Added to other techniques in the arsenal of Geochemistry and mineralogy like chemical analysis and X-rays, and with the added advantage of them being cheap, fast and non-destructive methods, a great precision is achieved.
This statement has been described in the research work titled “Aplicación conjunta de técnicas geofísicas, mineralógicas y geoquímicas para la caracterización geoambiental de balsas de lodos mineros” (Combined application of geophysic, mineralogical, and geochemical techniques for the geoambiental characterisation of mining mud ponds) and is directed by the geology professor Tomás Martín Crespo from the Rey Juan Carlos University (URJC).
The south of Spain alone has over 80 metal mines, some still active and some already inactive. The abandoned storage ponds are made up of grain sized materials, ranging from medium to fine, that contain sulphides of low economical importance and a small proportion of waste metal that failed to be extracted. They represent an environmental issue, being a source of acidic mine drainage and heavy metals. It is crucial that all the storage ponds are evaluated and characterised prior to the natural restoration work of the mining fields.
The researchers at the URJC have focused on two particular mining fields (Monte Romero and Río Tinto) both in the Spanish province of Huelva, where the new geophysical techniques have provided excellent results. The electrical resistivity tomography worked particularly well, not only determining the precise geometry of the storage pool thanks to the high electrical resistivity contrast among the tailings and the bottom of the pool but also determining the different deposited layers and their heterogeneity. It even succeeded in differentiating the flows of groundwater inside the pool by the low resistivity of water.
The ground penetrating radar is very helpful in determining the characteristics and geometry of the sides and surface of the pool, detecting changes in humidity, but being more limited than the tomography because of the high attenuation effect that the tailings and the water in the pool have.
Gabinete de prensa | alfa
Welcome Committee for Comets
19.07.2019 | Technische Universität Braunschweig
Sea level rise: West Antarctic ice collapse may be prevented by snowing ocean water onto it
18.07.2019 | Potsdam-Institut für Klimafolgenforschung
Adjusting the thermal conductivity of materials is one of the challenges nanoscience is currently facing. Together with colleagues from the Netherlands and Spain, researchers from the University of Basel have shown that the atomic vibrations that determine heat generation in nanowires can be controlled through the arrangement of atoms alone. The scientists will publish the results shortly in the journal Nano Letters.
In the electronics and computer industry, components are becoming ever smaller and more powerful. However, there are problems with the heat generation. It is...
Scientists have visualised the electronic structure in a microelectronic device for the first time, opening up opportunities for finely-tuned high performance electronic devices.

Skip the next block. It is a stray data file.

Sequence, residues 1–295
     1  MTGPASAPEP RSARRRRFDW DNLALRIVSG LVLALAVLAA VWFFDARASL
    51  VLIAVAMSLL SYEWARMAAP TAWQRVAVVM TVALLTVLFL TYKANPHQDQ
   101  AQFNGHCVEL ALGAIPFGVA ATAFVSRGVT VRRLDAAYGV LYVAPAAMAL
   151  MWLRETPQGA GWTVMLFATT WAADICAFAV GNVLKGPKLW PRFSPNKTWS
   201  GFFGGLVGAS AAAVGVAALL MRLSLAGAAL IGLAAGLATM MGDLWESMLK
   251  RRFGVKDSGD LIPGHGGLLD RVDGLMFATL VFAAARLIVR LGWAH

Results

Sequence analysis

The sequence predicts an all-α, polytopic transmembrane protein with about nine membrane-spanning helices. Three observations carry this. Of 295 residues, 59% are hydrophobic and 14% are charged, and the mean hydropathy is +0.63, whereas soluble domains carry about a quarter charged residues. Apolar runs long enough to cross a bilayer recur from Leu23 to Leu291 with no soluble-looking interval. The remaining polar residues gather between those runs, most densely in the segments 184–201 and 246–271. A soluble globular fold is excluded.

Physicists from the University of Warwick and the University of Washington have developed a technique to measure the energy and momentum of electrons in...
Scientists at the University Würzburg and University Hospital of Würzburg found that megakaryocytes act as “bouncers” and thus modulate bone marrow niche properties and cell migration dynamics. The study was published in July in the Journal “Haematologica”.
Hematopoiesis is the process of forming blood cells, which occurs predominantly in the bone marrow. The bone marrow produces all types of blood cells: red...
For some phenomena in quantum many-body physics several competing theories exist. But which of them describes a quantum phenomenon best? A team of researchers from the Technical University of Munich (TUM) and Harvard University in the United States has now successfully deployed artificial neural networks for image analysis of quantum systems.
Is that a dog or a cat? Such a classification is a prime example of machine learning: artificial neural networks can be trained to analyze images by looking...
An international research group led by scientists from the University of Bayreuth has produced a previously unknown material: Rhenium nitride pernitride. Thanks to combining properties that were previously considered incompatible, it looks set to become highly attractive for technological applications. Indeed, it is a super-hard metallic conductor that can withstand extremely high pressures like a diamond. A process now developed in Bayreuth opens up the possibility of producing rhenium nitride pernitride and other technologically interesting materials in sufficiently large quantity for their properties characterisation. The new findings are presented in "Nature Communications".
The possibility of finding a compound that was metallically conductive, super-hard, and ultra-incompressible was long considered unlikely in science. It was...
24.06.2019 | Event News
29.04.2019 | Event News
17.04.2019 | Event News
19.07.2019 | Physics and Astronomy
19.07.2019 | Physics and Astronomy
19.07.2019 | Earth Sciences